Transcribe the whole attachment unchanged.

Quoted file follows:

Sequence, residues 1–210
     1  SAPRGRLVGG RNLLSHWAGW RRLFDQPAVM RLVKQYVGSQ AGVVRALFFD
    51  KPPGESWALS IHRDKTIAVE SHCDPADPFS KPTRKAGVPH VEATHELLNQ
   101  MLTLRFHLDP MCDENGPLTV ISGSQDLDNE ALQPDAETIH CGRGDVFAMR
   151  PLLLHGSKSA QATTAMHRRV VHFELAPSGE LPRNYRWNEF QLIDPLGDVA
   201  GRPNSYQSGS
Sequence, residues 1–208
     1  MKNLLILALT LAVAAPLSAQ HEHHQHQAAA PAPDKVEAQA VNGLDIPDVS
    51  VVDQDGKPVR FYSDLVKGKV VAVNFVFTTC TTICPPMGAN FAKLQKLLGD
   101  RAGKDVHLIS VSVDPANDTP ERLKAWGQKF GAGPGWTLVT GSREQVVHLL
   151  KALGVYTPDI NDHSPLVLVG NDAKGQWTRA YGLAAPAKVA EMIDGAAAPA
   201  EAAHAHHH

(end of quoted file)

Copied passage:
Sequence, residues 1–210
     1  SAPRGRLVGG RNLLSHWAGW RRLFDQPAVM RLVKQYVGSQ AGVVRALFFD
    51  KPPGESWALS IHRDKTIAVE SHCDPADPFS KPTRKAGVPH VEATHELLNQ
   101  MLTLRFHLDP MCDENGPLTV ISGSQDLDNE ALQPDAETIH CGRGDVFAMR
   151  PLLLHGSKSA QATTAMHRRV VHFELAPSGE LPRNYRWNEF QLIDPLGDVA
   201  GRPNSYQSGS
Sequence, residues 1–208
     1  MKNLLILALT LAVAAPLSAQ HEHHQHQAAA PAPDKVEAQA VNGLDIPDVS
    51  VVDQDGKPVR FYSDLVKGKV VAVNFVFTTC TTICPPMGAN FAKLQKLLGD
   101  RAGKDVHLIS VSVDPANDTP ERLKAWGQKF GAGPGWTLVT GSREQVVHLL
   151  KALGVYTPDI NDHSPLVLVG NDAKGQWTRA YGLAAPAKVA EMIDGAAAPA
   201  EAAHAHHH